Parents: is your home causing your kids to misbehave?

kids at homePlano, Tex.(RUSHPRNEWS)September 26, 2008 — Visit the home of just about any parent and you’ll probably find a house overflowing with toys, puzzles, books, games, and gadgets. For parents who’ve set aside a separate playroom for their kids, you’ll probably find more of the same — a room bursting with playthings. But what most parents don’t understand is that this may well be doing more harm to their children than good.

According to Tonia Tomlin, a professional organizer and author of the newly-released Chaos 2 Calm: The Moms-of-Multiples’ Guide to an Organized Family, “Too often, well-intentioned parents can unknowingly cause behavior problems for their kids by giving them free run in the playroom and in the rest of the house. This is what I call ‘free-for-all’ parenting.”

The problem with this free-for-all style, says Tomlin, is that children need order: “By giving children too many toys, too many decisions, and too many options, kids can quickly become overwhelmed, overstimulated, and over-cranky. Ask any parent and they’ll likely tell you that the post-playtime meltdown is an all-too-common occurrence. The good news is that it’s an easy situation to remedy.”
 

Tomlin offers the following tips for parents:

Follow the two-toy rule: children should have no more than two toys available at any one time. Give your child the opportunity to pick which two of their toys they would most like to play with at any one time.

Pick it up! Keep floors and play areas clear of clutter. Use shelving, bins, baskets, and containers to store extra toys.

Help your children take ownership of their toys, and their play space. Teach your children to take care of their toys by remembering to pick them up and put them back in their proper storage place when playtime is over. Reward children with a special outing, treat, or praise when they remember to put their toys back in the proper storage place. This can also help alleviate the panic of not being able to find a child’s favorite toy.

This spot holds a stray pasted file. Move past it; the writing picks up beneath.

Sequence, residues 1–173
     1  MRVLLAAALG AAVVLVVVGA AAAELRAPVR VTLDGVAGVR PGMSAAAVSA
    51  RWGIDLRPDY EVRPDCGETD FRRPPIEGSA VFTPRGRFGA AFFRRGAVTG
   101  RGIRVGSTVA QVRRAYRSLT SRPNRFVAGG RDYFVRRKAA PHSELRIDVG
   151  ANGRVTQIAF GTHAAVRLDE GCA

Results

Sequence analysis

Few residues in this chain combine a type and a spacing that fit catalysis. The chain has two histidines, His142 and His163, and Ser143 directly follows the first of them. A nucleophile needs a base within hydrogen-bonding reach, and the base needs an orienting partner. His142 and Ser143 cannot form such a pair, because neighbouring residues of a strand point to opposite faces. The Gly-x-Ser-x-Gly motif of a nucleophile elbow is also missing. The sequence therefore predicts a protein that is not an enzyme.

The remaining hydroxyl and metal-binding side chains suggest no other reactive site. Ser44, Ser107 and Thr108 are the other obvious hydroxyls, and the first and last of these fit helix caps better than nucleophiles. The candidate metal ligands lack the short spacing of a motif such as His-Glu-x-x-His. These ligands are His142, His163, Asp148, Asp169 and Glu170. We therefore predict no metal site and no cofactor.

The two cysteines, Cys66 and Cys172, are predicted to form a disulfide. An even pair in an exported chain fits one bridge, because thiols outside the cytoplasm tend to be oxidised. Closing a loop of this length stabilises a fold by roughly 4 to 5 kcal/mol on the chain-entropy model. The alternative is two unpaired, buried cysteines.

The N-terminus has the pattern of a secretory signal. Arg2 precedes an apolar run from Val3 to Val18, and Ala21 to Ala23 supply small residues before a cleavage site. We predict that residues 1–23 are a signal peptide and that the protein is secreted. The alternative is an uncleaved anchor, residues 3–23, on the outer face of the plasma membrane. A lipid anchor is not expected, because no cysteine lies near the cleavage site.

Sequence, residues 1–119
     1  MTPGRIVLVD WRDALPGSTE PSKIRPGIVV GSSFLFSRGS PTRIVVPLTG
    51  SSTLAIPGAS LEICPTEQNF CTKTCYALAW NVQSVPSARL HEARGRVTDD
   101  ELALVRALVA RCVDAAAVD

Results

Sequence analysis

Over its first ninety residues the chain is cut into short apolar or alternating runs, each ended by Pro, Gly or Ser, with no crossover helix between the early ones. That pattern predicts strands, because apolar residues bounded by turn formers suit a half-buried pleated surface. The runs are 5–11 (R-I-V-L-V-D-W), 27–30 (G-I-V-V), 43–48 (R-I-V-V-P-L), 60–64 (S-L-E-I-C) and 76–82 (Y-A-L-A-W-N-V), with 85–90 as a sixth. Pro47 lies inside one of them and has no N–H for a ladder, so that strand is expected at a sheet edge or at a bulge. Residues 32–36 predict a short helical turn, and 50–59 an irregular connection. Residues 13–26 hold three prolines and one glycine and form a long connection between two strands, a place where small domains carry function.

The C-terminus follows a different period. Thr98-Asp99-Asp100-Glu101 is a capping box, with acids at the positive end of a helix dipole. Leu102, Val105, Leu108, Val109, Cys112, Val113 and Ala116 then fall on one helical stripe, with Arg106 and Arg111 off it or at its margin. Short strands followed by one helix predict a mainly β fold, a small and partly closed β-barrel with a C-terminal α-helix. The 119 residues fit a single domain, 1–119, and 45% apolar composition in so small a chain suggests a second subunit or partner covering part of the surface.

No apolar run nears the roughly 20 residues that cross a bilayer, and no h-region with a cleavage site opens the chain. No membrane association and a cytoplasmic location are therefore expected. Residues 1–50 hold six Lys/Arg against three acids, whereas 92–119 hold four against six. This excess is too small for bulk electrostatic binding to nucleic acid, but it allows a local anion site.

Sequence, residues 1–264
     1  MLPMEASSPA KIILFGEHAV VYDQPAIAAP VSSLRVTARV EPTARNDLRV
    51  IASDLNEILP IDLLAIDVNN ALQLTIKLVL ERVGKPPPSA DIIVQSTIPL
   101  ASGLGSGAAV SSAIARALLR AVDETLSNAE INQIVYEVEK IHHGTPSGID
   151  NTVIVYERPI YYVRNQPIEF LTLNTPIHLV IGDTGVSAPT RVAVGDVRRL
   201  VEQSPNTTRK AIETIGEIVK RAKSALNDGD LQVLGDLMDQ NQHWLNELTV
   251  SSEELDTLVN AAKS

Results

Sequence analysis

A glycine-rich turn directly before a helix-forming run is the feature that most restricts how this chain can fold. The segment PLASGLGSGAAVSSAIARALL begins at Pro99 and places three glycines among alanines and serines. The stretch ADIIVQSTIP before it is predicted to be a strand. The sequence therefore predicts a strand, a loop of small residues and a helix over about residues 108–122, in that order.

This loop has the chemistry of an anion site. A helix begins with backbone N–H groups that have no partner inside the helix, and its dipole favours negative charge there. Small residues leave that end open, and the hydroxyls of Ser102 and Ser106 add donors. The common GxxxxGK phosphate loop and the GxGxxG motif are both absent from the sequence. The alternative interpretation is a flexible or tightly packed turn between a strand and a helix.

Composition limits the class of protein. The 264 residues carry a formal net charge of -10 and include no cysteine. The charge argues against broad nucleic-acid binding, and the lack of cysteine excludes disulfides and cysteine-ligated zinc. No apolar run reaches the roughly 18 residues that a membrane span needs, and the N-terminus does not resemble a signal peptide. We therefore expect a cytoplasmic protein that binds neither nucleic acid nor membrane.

Transition from chaos to calm by using the ZONE method. Divide play areas into zones – such as a puzzle zone, a book zone, a game zone, a doll zone, a stuffed animal zone, a parking zone for toy cars, trucks, and rides, etc. Not only does the ZONE method make organizing easier, but it also gives children a structured play environment.

Set boundaries. Encourage your children to play with zone-specific toys within each of the zones. This keeps the overstimulation at bay, and makes it easier for children to put the toys back when play time is over.

Routine is key. Commit to a routine – whether a playtime routine or a daily routine – and stick to it. Children benefit from having structure and find tremendous comfort in knowing what’s next versus living a life full of daily surprises.

Tomlin adds, “A lack of routine will be chaotic both for your children and for parents. And if parents are exhausted and frustrated, children tend to respond in a similar way. Parents want to give their kids everything they possibly can, and structure is one of the best gifts you can give your kids.”
Tonia Tomlin serves as district reporter for the National Organization of Mothers of Twins Clubs (NMOTC), and is active within her local Mothers of Multiples Group. A sought-after media guest, Tomlin has been featured in numerous local, regional, and national media print and broadcast media outlets, including HGTV’s “Mission Organization” program. Tomlin lives in Plano, Texas, with her husband, Rob, and their identical twin girls, Peyton and Sydney. Chaos 2 Calm: The Moms-of-Multiples’ Guide to an Organized Family is available where better books are sold.

Members of the news media wishing to request additional information are asked to contact Maryglenn McCombs by phone – (615) 297-9875, or by email – maryglenn@maryglenn.com

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